We do of course carry a wide range of albums covering most tastes but there were more than 300 albums we would have liked to have stocked but couldn’t due to the vinyl shortage meaning many albums are out of stock. Most surprising was probably the lack of Beatles albums but there were shortages across all genres and artists large and small.
The next big time for vinyl will be Record Store Day which is on Saturday April 23 this year. It is hard to believe that there won’t be huge problems having anything like the 500-plus titles normally available and some may think this is not particularly a bad thing.
Maybe this could all be for the good if the organisers widen the appeal of Record Store Day both in terms of products and target audience. Currently the vast majority of those queueing on the big day are older collectors dedicated to certain artists and what would be good to see is more youngsters taking part.
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In fact we have had a fair number of younger buyers in on Record Store Day since we moved to Waverley Market but most of them had little to no idea what day it was. Certainly the releases that are always available have no appeal to all those who have recently started collections and maybe most importantly of all up until now the day has been totally focused on vinyl.
The idea when Record Store Day started was to bring people into record shops and at the time there was more focus on bands playing but since that often meant getting in the way of sales shops gradually dropped the idea. Avalanche did buck that trend when in the Grassmarket when we had 500 people squeezed into the shop late afternoon to see Frightened Rabbit and we took no money at all for an hour. Never regretted it though.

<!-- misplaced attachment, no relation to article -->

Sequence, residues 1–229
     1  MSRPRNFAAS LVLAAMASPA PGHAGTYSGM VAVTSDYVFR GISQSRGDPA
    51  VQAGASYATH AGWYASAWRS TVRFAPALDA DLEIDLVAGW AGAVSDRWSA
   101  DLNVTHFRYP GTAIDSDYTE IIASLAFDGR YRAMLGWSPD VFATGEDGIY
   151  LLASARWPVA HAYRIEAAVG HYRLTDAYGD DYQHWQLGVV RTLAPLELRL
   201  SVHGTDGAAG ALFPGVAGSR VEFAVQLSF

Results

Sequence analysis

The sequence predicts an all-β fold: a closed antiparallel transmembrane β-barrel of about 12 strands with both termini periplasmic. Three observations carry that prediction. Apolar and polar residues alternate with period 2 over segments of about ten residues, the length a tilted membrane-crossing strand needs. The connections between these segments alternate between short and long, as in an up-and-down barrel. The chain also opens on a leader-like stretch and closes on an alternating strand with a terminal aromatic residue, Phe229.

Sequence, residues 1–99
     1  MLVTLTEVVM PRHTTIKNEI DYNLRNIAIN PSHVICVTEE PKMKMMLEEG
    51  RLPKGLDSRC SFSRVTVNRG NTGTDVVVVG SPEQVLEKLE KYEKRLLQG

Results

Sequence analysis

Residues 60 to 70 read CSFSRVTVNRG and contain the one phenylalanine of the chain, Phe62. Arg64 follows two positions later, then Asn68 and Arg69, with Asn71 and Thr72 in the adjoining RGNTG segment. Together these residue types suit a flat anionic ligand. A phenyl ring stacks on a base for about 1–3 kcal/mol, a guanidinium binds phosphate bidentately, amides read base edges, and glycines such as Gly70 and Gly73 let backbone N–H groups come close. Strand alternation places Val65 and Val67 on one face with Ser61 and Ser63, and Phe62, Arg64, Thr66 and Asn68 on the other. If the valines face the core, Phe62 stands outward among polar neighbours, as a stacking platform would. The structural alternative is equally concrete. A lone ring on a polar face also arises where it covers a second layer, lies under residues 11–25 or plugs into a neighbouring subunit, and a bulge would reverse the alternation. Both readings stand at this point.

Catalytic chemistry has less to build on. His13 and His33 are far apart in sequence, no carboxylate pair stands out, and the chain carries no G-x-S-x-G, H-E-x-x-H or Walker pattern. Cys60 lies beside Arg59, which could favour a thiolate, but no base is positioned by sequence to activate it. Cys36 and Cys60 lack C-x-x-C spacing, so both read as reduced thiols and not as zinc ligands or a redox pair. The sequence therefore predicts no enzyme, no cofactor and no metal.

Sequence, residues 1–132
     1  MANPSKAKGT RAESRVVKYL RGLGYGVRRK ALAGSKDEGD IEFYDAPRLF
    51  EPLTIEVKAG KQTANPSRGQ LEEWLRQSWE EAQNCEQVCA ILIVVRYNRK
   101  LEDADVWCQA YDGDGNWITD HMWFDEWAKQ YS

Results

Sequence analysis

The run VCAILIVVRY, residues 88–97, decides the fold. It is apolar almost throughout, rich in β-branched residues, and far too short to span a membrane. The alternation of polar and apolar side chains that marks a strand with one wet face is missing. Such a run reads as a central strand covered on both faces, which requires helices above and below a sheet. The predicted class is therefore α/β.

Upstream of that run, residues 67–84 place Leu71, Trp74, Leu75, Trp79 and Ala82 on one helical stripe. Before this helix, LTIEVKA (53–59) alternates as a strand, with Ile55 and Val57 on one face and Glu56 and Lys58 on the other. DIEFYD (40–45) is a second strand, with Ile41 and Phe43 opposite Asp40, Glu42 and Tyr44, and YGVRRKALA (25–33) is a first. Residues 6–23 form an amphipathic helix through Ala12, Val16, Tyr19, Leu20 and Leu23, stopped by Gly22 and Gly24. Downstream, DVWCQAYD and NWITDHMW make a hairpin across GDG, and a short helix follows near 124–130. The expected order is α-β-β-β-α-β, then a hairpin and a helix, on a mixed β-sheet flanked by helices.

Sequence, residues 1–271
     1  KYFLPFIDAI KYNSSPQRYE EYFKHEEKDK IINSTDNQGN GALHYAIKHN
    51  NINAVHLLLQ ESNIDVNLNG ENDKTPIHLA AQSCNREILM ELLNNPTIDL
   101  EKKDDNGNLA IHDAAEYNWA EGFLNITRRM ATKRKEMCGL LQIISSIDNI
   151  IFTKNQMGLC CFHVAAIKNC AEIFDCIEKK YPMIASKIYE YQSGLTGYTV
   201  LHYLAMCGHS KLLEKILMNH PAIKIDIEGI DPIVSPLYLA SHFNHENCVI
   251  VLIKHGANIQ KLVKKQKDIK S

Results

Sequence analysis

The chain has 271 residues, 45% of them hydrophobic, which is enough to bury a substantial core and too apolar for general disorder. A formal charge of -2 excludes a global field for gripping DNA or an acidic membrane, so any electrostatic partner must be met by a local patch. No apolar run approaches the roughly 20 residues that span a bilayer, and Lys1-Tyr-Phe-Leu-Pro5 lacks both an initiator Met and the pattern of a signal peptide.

Maybe this year instead of so much limited edition vinyl there could be limited edition T-shirts, posters and prints too which would appeal to a different demographic. It is hardly that controversial, given that many albums these days are launched on the artists’ websites as bundles including a T-shirt and signed print .
It would certainly help with the vinyl shortage problem while appealing to a much wider fan base. We would certainly have a queue down Princes Street should we have a limited edition Arctic Monkeys print or a new Gorillaz t-shirt.
I suspect there are too many vested interests in the old ways for such a thing to ever happen but as a worldwide event it would be good to see the UK leading the way and being more innovative improving and widening the appeal of what has become a very tired format.
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